Abandoned Tarp and clothes bag(Abandoned bag of clothes and tarp)

The SKCCH is careful to note that these numbers are an undercount entirely! There is no possible way to count all of the Homeless in King County, Washington. Of Course both HUD and the VA do know this.

Unfortuately when HUD reported that Homelessness remained neutral in this country (754,000) and then the VA’s Secretary Dr. James Peake made the outlandish statement that homelessness amongst Veterans declined by 40,000 veterans or 21% of those homeless, they were supposedly quoting from data gathered in 2005. The exact undercounted numbers reported.

With all that is going on with foreclosure up 62%, demand for shelter up 22%, emergency support up 28% and so on… Isn’t that like telling the man that died of a heart attack to relax based on his check up two years before? Our fore fathers did not celebrate V-J day two years after the end of World War II. What is HUD and the VA celebrating here.

The funny thing about all of this is that no one in the media or running for office is saying anything is amiss? Everyone is saying: Oh the economy is bad and that at one time the politicians were saying “We have to help our Homeless Veterans”. Now that there is some sort of numbers juggling going on, there seems to be some confusion amongst the politicians, and this numbers juggling will definitely impact low income housing and funding for homeless programs in the future. Unfortunately since the funding for the coming years will be based on HUD and the VA’s requests being based on their use of their own low reporting. So Homeless Veterans are going to get it in the neck again from the VA it seems.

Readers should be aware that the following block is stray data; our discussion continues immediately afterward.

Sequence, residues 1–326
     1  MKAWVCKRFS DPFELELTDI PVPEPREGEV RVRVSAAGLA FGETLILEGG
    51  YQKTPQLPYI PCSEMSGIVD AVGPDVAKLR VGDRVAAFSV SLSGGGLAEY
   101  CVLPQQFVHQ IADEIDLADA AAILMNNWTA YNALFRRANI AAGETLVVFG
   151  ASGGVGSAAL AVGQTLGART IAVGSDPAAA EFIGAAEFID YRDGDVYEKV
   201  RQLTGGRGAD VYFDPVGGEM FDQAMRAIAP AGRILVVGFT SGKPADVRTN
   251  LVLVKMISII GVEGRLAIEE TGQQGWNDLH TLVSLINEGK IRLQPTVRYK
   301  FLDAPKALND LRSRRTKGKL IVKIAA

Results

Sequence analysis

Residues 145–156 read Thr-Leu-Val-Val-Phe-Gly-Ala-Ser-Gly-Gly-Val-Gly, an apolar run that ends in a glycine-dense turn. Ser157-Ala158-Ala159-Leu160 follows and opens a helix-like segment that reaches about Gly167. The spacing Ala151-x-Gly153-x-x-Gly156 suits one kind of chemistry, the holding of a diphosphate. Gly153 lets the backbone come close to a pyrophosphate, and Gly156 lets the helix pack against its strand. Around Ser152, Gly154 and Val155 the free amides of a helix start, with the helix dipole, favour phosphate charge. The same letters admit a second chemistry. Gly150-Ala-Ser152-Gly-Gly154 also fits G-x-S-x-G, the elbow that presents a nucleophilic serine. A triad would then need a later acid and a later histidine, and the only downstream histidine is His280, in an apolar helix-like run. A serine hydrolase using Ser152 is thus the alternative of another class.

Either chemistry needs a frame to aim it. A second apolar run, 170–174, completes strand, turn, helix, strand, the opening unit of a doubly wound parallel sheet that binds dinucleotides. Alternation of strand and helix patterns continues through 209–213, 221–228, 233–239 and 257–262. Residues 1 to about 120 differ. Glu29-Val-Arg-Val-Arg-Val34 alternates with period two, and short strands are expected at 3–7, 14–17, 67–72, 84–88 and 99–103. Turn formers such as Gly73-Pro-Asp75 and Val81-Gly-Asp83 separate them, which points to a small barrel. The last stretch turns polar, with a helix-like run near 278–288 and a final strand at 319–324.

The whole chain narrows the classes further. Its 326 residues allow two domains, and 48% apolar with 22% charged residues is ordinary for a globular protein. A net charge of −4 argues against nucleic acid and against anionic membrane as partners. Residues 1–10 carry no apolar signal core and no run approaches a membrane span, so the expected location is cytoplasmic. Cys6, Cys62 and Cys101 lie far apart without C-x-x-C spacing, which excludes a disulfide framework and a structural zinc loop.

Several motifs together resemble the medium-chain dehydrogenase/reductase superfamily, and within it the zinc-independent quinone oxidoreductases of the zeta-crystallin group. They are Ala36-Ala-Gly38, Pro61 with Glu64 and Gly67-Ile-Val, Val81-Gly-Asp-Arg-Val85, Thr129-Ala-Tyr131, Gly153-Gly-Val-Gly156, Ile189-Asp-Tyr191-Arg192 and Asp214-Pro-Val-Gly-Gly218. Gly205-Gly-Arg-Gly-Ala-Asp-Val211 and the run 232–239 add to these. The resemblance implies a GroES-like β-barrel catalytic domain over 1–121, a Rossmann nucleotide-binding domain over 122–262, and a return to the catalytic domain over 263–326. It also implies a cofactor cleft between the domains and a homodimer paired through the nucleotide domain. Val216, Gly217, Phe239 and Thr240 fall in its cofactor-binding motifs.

How are they going to explain the numbers for this year in the future?

Wanderingvet

*******

Who’s Counting? Why We Count, Part IV – The Final Conclusions:

(Originally published May 3, 2008)

Dear Friends and Wanderingvets:

In researching these articles, talking with other advocates and agencies that compile these reports, I admit I have become overwhelmed at the laxness of the public, media, municipal, state and federal governments / agencies, as well as the tirelessness of agencies trying to keep the issues of homelessness in this country at the forefront.